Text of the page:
How Much Do You Know About Our Water?

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Quizzes Created: 1 | Total Attempts: 62
Questions: 14 | Attempts: 62

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How Much Do You Know About Our Water? - Quiz


Test your knowledge about australian water usage.


Questions and Answers
  • 1. 

    What was the australian average rainfall in 2011?

    • A.

      499mm

    • B.

      599mm

    • C.

      699mm

    • D.

      799mm

    Correct Answer
    C. 699mm
    Explanation
    The correct answer for the average Australian rainfall in 2011 is 699mm. This means that, on average, Australia received 699mm of rainfall throughout the year 2011.

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  • 2. 

    What is used to measure rainfall?

    • A.

      Rain Gauge

    • B.

      A rainometer

    • C.

      A barometer

    • D.

      A thermometer

    Correct Answer
    A. Rain Gauge
    Explanation
    A rain gauge is used to measure rainfall. It is a simple instrument that collects and measures the amount of precipitation that falls in a specific area over a given period of time. It consists of a cylindrical container with markings on the side to indicate the amount of rainfall in inches or millimeters. When rain falls, it is collected in the container, allowing for accurate measurement and recording of rainfall data. A rainometer, barometer, and thermometer are not specifically designed for measuring rainfall.

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  • 3. 

    How much waste water is produced each day?

    • A.

      264 million litres

    • B.

      335 million litres

    • C.

      286 million litres

    • D.

      372 million litres

    Correct Answer
    B. 335 million litres
    Explanation
    The correct answer is 335 million litres. This answer is determined by selecting the option that states the specific amount of waste water produced each day, which is 335 million litres.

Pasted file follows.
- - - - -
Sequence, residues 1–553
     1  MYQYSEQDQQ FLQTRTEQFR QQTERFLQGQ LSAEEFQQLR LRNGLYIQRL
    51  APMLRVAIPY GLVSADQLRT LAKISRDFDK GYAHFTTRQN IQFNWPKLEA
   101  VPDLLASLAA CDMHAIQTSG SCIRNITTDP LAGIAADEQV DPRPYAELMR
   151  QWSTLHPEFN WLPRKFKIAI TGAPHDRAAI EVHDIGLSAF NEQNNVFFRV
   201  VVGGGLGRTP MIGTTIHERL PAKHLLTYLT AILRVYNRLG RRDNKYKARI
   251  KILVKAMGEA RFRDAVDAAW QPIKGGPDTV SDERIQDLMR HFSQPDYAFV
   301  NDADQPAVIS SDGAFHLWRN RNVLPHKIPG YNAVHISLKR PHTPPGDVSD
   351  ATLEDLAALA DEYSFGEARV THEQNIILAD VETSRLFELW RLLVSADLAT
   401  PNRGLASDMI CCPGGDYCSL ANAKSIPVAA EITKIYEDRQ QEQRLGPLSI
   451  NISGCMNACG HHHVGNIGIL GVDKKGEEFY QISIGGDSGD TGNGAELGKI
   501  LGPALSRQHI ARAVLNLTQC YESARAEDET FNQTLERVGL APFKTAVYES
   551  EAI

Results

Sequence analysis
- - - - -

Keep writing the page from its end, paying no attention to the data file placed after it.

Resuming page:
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  • 4. 

    Which australian state recieves the highest average rainfall?

    • A.

      Queensland

    • B.

      WA

    • C.

      Canberra

    • D.

      Tasmania

    Correct Answer
    A. Queensland
    Explanation
    Queensland receives the highest average rainfall among the given options. This could be due to various factors such as its geographical location, proximity to the coast, and prevailing weather patterns. Queensland is known for its tropical climate, with areas like the Far North and the Sunshine Coast experiencing high levels of rainfall throughout the year. Additionally, Queensland is home to the Wet Tropics World Heritage Area, which receives some of the highest rainfall in Australia.

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  • 5. 

    What is desalination?

    • A.

      Water coming down as rain

    • B.

      Removing salt and other minerals from water

    • C.

      Water rising up as vapour and forming clouds

    • D.

      Adding artificial flavour to water

    Correct Answer
    B. Removing salt and other minerals from water
    Explanation
    Desalination is the process of removing salt and other minerals from water. This is typically done to make seawater or brackish water suitable for human consumption or agricultural use. It involves various methods such as reverse osmosis, distillation, and electrodialysis. By removing the salt and minerals, desalination creates freshwater that can be used for drinking, irrigation, and other purposes where access to clean water is limited.

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  • 6. 

    What is greywater?

    • A.

      Water that is the colour grey

    • B.

      Clean water

    • C.

      Sewage water

    • D.

      Wastewater from domestic activities

    Correct Answer
    D. Wastewater from domestic activities
    Explanation
    Greywater refers to wastewater that is generated from various domestic activities such as washing dishes, doing laundry, and taking showers. It does not include sewage water or clean water. The term "greywater" is used to distinguish this type of wastewater from blackwater (sewage) and freshwater. Greywater can be recycled and reused for purposes such as irrigation or flushing toilets, after appropriate treatment.

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  • 7. 

    In Australia, what is our approximate annual water usage per person?

    • A.

      1.3 million litres

    • B.

      1.7 million litres

    • C.

      1.1 million litres

    • D.

      1.5 million litres

    Correct Answer
    A. 1.3 million litres
    Explanation
    The approximate annual water usage per person in Australia is 1.3 million litres. This means that on average, each person in Australia uses around 1.3 million litres of water per year.

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  • 8.